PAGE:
Microsoft 365 Security Exec Rob Lefferts On MSSPs: ‘I Want Them To Make More Money’
Wade Tyler Millward
‘If they have more powerful tool sets, then you can turn those analysts and force multipliers to cover your ground and you’ll be able to have more customers and you’ll be able to make more money,’ Lefferts tells CRN in an interview.
Rob Lefferts, corporate vice president of Microsoft 365 Security, wants to help the tech giant’s managed security services providers make more money through simplifying customer acquisition, improved analyst training and providing new capabilities for Microsoft security products including software interfaces that allow more intelligence integrations.
“If they have more powerful tool sets, then you can turn those analysts and force multipliers to cover your ground and you’ll be able to have more customers and you’ll be able to make more money,” Lefferts told CRN in an interview.
He continued: “Wherever there is a new idea about a new capability that we can offer that lets the MSSP show off more value to the customer, then they get to make more money.”
Lefferts – who’s been at Microsoft for more than 25 years – caught up with CRN during RSA Conference 2022, held in person in San Francisco with parts streamed online.
He weighed in on the importance of MSSPs to not only Microsoft’s security go-to-market strategy, but the Redmond, Wash.-based tech firm’s desire to provide more security to small and midsize businesses (SMBs)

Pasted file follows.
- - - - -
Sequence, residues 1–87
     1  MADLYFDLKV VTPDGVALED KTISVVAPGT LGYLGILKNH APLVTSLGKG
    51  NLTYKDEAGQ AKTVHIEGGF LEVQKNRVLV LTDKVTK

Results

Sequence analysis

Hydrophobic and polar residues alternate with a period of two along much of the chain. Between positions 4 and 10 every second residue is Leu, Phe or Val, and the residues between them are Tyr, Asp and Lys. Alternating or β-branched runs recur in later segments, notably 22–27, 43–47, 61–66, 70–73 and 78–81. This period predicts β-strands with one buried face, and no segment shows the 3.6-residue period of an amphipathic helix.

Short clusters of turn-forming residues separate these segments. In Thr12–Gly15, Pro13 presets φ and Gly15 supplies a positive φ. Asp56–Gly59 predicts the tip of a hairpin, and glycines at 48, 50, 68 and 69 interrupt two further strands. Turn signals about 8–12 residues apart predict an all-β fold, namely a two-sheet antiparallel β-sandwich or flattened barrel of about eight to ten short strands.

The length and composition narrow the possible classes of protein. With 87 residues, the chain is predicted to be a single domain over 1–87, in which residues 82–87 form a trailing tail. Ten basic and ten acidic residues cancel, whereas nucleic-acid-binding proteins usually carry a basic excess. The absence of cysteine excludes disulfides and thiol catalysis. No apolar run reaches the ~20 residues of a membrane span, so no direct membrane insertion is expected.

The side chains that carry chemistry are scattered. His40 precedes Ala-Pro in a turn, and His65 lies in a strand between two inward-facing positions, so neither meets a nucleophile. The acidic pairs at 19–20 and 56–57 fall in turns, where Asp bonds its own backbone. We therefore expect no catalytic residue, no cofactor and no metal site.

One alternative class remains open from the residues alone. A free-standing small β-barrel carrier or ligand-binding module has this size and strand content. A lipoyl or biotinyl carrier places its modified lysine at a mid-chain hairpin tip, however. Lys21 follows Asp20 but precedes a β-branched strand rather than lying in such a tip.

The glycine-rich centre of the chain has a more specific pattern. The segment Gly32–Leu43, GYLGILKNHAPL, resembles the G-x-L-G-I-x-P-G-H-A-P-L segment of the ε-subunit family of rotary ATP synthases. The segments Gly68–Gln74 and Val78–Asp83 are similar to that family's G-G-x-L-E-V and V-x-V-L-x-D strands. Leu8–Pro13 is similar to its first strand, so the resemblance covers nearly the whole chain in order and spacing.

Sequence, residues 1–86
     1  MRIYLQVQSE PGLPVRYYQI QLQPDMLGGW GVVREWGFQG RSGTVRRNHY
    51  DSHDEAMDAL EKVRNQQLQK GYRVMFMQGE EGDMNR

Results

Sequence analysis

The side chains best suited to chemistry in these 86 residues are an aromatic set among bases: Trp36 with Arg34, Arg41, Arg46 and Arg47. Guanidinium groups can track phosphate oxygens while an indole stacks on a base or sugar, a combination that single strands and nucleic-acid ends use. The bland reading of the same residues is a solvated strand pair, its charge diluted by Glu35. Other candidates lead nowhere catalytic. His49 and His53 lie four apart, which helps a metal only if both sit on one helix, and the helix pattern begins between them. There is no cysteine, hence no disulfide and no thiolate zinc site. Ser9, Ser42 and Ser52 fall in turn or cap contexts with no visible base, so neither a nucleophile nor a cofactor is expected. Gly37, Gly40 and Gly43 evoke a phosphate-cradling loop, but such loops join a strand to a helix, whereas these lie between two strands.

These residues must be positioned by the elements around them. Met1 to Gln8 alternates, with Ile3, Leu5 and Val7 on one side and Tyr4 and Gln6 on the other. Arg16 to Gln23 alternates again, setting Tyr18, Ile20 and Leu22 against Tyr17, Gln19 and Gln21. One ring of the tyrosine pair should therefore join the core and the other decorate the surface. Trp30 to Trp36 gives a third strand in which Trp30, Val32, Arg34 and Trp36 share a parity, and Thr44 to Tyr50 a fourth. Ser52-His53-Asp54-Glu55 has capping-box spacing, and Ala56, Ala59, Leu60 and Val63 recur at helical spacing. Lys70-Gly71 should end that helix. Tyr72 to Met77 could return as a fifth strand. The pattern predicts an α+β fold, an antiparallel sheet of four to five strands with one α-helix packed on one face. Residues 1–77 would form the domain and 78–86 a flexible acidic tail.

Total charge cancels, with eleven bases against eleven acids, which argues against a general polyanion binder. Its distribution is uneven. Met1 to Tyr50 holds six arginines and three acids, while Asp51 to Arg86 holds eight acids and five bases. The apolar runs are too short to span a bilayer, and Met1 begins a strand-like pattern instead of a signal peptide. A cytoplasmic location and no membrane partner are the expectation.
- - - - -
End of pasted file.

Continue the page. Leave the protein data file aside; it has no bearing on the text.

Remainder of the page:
Lefferts told CRN about co-selling, co-marketing and training resources available for MSSPs and sought to assuage any concerns around Microsoft’s repeated appearance in headlines over product vulnerabilities.
“Microsoft has a broad portfolio,” he said. “We build platforms, we build some of the most used platforms in the world, Windows, Office and Azure. And so those are complicated and they have bugs. And whenever we see them, we fix them.”
He wants users to know that Microsoft views its security tools as beneficial to environments with a variety of vendors – not just within Microsoft environments.
“As you look at adding new little niche projects to solve problems, but also, as you look at our suite of stuff – it’s our strategy that you can pick up any one of those components and have it bring value and solve a problem and integrate with the rest of your stack,” he said. “It is not like you have to rip everything out and go Microsoft. I sometimes hear people say this, ‘Well, if you’re a Microsoft shop then it’s great.’ That’s not a thing. There is no such thing, and that’s not my strategy. My strategy is that you could deploy endpoints or identity or SIEM (security information and event management) and have that component bring value into the environment you’re already running.”
Here’s what else Lefferts had to say.